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WHAT MATTERS MOST: Let’s keep building West Indies cricket


Clyde Mascoll

WHAT MATTERS MOST: Let’s keep building West Indies cricket

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IN A RECENT cricketing discussion, I suggested that the current West Indies team had turned the corner, with which most disagreed. I have never held positions based on popularity, but moreso on perspective prepared with a long dose of thought to complement empirical observation. But not all observation has to be empirical and in many cases intangibles are equally critical.
In a world excited by averages of one sort or the other, it is important to have such information available to defend or prosecute a case. But, given the emphasis placed on team, the individual averages do not always get the job done.
My recent comment on turning the corner may indeed be supported by averages, which may, however, still fail to demonstrate the improved performances of the current West Indies team on and off the field.
For fear of becoming too dependent on averages, I appeal to such issues as professionalism which by definition implies preparation and planning.
From a distance, it is evident that coach Ottis Gibson has a formula to restore West Indies cricket which places attitude above ability since the sport is about 80 per cent mental. This is understandable for many reasons but it does not require any magic to know that a cricketer who plays for the West Indies should by definition have ability which has to be refined not restructured.
However, it is not expected that the same talented cricketer possesses the mental capacity required, since this is an area that is far less God-given and more created by one’s environment. In this regard, the game needs to be taught from its intangible roots such that the lessons in the documentary Fire In Babylon remain relevant in an era of financial security which the game now offers.       
It is in this context, and this context alone, that I have severe difficulty with an attitude which elevates the shorter form of the game to a place where a cricketer proclaims that he has no interest in legacy/Test cricket. To disregard one’s history in pursuit of instant cash is to neglect the real cause which inspired regional governments to invest five years ago, beyond their means, in an activity that could not be quantified in dollar terms alone.
Once again there are those among us who are able to reduce the beauty of life to the value of the dollar and so our society is expected to be ordered, not now in accordance with privilege of birth, but in accordance with one’s access to the tangibles, without reference to the intangibles of life. What a pity!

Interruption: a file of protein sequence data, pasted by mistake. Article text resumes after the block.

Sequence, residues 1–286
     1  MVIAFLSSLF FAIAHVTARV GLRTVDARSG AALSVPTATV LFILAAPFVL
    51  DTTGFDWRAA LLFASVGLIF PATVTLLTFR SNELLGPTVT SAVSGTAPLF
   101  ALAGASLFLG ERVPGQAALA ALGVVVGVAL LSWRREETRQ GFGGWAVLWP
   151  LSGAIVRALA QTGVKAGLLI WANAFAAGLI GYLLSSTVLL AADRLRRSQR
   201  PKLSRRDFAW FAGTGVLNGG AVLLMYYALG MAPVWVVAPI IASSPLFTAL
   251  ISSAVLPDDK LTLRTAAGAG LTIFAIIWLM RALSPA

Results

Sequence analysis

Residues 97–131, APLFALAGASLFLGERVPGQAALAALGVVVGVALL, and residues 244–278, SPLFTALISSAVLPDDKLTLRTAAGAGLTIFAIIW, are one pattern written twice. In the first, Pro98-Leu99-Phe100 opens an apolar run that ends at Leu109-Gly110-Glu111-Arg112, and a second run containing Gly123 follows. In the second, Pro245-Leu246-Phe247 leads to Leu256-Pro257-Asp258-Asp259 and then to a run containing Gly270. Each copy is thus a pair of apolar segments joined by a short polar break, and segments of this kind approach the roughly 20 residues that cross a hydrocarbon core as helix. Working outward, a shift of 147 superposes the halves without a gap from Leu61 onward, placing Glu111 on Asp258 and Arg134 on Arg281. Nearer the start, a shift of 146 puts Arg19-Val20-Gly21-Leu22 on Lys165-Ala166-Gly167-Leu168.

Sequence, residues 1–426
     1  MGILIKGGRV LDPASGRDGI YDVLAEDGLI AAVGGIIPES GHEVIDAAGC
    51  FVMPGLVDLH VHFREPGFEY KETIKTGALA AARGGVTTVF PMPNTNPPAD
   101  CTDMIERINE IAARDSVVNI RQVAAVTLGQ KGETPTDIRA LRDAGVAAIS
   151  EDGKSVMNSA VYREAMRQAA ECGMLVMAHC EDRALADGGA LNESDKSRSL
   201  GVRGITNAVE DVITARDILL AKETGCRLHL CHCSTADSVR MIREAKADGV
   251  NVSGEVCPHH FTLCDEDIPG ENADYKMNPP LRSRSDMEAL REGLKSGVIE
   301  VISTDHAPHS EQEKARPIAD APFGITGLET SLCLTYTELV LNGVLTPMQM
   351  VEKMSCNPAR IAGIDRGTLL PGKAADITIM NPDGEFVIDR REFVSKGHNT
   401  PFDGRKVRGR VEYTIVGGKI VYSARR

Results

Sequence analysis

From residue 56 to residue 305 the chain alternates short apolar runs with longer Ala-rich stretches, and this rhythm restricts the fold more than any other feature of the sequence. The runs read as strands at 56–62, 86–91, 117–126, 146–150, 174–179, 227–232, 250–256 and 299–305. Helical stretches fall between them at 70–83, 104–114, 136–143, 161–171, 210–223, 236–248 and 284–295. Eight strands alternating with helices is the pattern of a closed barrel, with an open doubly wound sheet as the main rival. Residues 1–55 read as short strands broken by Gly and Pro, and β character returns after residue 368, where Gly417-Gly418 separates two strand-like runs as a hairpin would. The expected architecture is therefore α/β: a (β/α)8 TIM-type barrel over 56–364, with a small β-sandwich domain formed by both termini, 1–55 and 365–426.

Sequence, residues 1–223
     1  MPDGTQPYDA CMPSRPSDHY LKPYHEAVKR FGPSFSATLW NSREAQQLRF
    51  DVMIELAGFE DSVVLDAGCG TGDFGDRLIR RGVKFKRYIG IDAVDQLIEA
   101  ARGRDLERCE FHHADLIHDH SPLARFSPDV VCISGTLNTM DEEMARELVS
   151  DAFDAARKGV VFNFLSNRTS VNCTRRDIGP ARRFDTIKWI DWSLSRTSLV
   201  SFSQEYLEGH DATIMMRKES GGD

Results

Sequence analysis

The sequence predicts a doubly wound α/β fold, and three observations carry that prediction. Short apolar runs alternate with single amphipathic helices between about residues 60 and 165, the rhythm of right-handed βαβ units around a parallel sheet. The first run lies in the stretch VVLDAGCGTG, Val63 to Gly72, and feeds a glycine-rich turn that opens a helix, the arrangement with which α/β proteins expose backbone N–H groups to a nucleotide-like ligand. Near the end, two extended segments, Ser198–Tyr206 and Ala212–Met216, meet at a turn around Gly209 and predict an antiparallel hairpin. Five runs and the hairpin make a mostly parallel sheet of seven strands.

It is also a pity that cricketers of average talent will be allowed to have above-average influence on the course of West Indies cricket, when other cricketers of no less talent are prepared not to sleep while “Rome is burning”. Do we not understand that a team is built around a philosophy? And do we not understand that the beauty in team is that the individual does not have to the best at what he does to do his best?
Given that only 11 can play, the size of the cricket team is pre-determined, the structure of the team is therefore far more critical. In the past, there were four fast bowlers. The luxury is no longer available and the truth is our pitches are no longer conducive to such lack of balance.
In the circumstances, quality all-rounders in the form of a wicketkeeper/batsman and a genuine batsman-bowler-batsman are essential requirements of any future great West Indies team. These all-rounders allow us to have five bowlers and to extend our batting. Such a structure permits four seamers including fast bowlers and a spinner. When the conditions are favourable, it is possible to play two specialist spinners.
It is imperative that such talents as Andre Russell and Carlos Brathwaite, just to name two, be developed in fulfillment of the task that lies ahead. Another imperative is to restructure all territorial administrative bodies to facilitate the professionalism required to deliver the preparation and planning so necessary in the restoration of legacy cricket.
Of course, the opportunities and threats to West Indies cricket cannot be elaborated on in such limited space, but, fortunately, the purpose of the game must always be reduced to its impact on the psyche of West Indian people. It’s the intangibles!
• Clyde Mascoll is an economist and Opposition Barbados Labour Party spokesman on the economy. Email [email protected]

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